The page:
In about a month or so, she says she plans to take her one-woman show from Monticello Avenue to the Downtown Mall with a mobile cart, and while it's currently cash only inside her Belmont Market location, she'll soon accept credit cards. Right now, hours are Tuesday through Saturday from 11:30am to 4pm.

In addition to beef, shrimp, and fish, Pruitt says she has vegetarian options as well, like BBQ tofu.

"I love this kind of food," she says.

After we had a tasting or two, we can say it shows.

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Excuses, excuses: Still fair to call farmers environmentalists?

By Michael Akey

“Farmers are the original environmentalists.”

That’s the phrase I heard several times during a recent state legislature committee hearing on a bill that would limit when farmers could apply manure and other fertilizers on croplands. Now, common sense would dictate that plants don’t take up nutrients when plants are not growing, and science tells us that during the winter these nutrients either seep into the water table or run off into the Chesapeake Bay.

Every possible excuse was heard as to why farmers just cannot be asked to limit the application of manure on their fields:

• “Other states pollute more; why should we be responsible?”
• “Fencing out livestock from streams is expensive.”
• “Poultry manure isn’t a waste product; it’s a benefit.”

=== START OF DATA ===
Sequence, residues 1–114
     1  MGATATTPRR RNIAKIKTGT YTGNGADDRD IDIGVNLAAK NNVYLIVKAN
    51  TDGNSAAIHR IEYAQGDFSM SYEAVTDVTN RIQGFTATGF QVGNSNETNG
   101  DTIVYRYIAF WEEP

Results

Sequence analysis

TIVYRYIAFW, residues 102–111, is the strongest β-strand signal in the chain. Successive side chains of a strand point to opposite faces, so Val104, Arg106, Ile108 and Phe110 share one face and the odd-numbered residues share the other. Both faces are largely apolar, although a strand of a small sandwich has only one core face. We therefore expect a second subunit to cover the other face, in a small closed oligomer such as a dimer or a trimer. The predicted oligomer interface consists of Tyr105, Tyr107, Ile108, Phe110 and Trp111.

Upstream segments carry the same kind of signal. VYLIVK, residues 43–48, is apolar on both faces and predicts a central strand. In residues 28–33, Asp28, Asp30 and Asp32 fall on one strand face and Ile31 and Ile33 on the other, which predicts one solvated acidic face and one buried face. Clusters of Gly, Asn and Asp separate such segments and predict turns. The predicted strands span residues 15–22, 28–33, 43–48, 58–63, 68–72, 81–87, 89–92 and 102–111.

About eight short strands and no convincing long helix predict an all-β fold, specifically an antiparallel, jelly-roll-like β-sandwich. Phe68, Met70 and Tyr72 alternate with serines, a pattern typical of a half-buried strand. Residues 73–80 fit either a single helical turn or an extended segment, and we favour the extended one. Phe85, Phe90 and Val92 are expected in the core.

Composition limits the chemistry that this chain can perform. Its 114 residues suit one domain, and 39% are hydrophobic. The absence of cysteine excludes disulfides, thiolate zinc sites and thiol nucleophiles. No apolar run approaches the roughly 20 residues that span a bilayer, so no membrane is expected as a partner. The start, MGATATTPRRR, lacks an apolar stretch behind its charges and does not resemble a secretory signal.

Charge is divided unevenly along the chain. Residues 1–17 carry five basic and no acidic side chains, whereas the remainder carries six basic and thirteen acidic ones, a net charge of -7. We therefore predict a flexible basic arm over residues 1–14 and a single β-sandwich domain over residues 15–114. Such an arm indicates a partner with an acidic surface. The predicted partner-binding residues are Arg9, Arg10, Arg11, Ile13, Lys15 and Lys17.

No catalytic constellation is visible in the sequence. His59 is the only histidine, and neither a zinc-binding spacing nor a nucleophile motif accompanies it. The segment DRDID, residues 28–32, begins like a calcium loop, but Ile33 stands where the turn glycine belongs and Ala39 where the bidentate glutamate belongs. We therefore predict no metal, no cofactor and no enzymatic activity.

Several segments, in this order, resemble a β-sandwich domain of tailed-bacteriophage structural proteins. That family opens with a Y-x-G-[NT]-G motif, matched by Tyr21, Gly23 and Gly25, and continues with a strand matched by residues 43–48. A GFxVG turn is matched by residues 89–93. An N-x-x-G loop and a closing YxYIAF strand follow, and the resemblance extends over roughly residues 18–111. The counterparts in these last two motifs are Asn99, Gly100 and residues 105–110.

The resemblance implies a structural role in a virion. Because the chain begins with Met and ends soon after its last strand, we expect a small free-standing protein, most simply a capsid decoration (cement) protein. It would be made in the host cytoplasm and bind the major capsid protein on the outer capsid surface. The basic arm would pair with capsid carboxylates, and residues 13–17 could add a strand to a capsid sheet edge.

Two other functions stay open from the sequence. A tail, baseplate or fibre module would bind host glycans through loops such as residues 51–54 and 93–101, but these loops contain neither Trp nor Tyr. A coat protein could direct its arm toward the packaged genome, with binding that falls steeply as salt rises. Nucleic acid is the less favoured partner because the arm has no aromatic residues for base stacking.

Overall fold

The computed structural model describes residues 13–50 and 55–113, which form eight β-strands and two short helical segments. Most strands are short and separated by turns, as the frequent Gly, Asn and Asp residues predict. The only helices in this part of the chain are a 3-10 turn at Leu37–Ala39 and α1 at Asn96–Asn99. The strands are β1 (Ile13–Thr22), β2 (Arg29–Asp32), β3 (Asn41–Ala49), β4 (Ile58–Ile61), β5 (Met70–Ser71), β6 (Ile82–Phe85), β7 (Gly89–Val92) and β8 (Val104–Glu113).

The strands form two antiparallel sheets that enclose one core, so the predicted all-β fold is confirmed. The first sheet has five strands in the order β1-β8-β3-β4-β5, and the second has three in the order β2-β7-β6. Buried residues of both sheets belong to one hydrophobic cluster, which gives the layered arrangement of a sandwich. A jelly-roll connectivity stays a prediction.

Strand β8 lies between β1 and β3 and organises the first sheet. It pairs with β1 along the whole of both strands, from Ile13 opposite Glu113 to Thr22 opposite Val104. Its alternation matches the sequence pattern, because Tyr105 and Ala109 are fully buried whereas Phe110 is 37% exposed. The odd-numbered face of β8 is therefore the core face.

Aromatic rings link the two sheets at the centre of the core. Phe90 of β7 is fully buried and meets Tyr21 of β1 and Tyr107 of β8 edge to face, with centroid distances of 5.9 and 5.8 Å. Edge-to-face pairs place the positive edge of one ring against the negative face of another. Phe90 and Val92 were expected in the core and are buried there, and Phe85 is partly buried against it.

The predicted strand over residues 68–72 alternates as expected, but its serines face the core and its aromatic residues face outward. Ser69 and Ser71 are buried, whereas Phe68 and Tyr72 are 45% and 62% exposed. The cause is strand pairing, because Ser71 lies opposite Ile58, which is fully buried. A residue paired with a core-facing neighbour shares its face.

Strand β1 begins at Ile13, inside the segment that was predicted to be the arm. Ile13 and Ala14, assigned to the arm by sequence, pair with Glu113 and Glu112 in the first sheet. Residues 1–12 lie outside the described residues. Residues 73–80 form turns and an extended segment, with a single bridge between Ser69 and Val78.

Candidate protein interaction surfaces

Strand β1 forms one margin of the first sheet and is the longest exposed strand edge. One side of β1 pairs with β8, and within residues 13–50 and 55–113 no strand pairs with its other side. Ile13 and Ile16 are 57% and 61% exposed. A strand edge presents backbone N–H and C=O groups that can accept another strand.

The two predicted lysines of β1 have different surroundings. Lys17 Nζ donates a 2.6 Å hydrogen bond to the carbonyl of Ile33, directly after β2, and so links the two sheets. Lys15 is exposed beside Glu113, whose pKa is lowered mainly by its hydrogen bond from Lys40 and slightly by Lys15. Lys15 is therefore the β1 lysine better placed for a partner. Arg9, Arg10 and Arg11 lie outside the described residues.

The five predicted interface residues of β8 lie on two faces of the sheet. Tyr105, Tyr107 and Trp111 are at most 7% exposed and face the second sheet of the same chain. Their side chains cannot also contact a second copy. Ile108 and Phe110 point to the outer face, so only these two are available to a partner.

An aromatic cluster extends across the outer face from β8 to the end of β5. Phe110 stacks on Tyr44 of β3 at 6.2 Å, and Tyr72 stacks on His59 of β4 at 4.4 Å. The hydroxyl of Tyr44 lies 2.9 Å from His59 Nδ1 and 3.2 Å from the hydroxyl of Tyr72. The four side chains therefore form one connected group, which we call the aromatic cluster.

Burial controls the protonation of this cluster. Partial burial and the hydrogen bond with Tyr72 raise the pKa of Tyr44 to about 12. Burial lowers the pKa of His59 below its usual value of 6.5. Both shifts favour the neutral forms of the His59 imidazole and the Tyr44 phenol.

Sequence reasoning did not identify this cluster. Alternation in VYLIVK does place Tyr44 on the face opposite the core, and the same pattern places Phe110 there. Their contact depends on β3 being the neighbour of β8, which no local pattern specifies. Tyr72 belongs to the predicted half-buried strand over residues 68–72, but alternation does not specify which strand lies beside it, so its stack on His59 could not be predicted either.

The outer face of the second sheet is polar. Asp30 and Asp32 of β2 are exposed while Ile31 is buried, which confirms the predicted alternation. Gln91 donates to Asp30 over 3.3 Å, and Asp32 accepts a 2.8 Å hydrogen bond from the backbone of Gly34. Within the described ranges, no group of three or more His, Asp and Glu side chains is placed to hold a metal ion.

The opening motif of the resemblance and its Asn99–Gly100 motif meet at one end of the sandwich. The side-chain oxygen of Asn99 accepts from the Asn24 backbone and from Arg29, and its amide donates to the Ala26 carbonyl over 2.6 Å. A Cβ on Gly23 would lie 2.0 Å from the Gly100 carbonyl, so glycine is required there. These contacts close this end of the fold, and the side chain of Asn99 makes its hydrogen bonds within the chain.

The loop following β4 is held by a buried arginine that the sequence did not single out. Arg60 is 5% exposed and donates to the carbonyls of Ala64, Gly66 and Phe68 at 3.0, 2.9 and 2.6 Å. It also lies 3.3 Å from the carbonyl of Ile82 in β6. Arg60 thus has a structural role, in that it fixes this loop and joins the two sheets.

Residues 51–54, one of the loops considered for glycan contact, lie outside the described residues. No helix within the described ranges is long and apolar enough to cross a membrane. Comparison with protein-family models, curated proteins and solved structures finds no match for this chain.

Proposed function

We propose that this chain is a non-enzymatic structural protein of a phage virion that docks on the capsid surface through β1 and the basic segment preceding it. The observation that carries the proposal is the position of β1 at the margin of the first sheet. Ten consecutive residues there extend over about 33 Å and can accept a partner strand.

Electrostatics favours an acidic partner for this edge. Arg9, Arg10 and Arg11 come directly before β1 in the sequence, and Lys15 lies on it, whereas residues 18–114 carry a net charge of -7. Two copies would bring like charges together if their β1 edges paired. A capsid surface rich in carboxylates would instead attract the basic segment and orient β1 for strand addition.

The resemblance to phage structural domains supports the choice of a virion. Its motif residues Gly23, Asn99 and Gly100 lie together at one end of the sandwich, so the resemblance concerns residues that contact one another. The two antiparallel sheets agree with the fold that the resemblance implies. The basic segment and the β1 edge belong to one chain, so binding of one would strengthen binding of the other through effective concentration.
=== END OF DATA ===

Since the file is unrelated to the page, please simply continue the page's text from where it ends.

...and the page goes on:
It seems that farmers just do not want to take responsibility for the waste and manure produced on their farms. But are these excuses really valid?

As a farmer in Maryland, I understand the costs involved in starting a farm from scratch. I also understand the challenges involved in farming in a traditional way, where the animals can graze and the manure is utilized responsibly. While it was Maryland's Natural Resources Conservation Service office that helped get us on our feet, the lessons I’ve learned apply throughout the mid-Atlantic.

What about the cost for fencing animals out of our streams,...

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Texas tragedy: Missing toddler found dead near home

Update Saturday, March 31:

"It is with extremely heavy hearts that we have to report that little Devon Davis’ body was located Saturday in a lake near his home," reads the message from Texas Equusearch. "Please keep Devon’s families and friends in your prayers during their time of grief."

And so the tragic life of a little boy from Earlysville, Virginia, ends near his new home in Texas. According to a news source quoting the Sheriff’s spokesman for Liberty County, the death “appears accidental.”

News sources indicate that the grim discovery was made after a volunteer launched a camera-equipped, radio-controlled airplane that captured images of red– like the red of the shirt the missing boy was wearing– in the corner of a pond. The body was recovered around 1:50pm.

Update Friday, March 30, 2012:

April Davis, the mother of missing two-year-old Devon Davis, spoke to reporters and pleaded for her son's return on Friday morning, March 30 outside the Liberty County, Texas home where she, her husband Michael Davis, and their two children had been staying since relocating from Earlysville last week.


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Editor's Note
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Editor's Note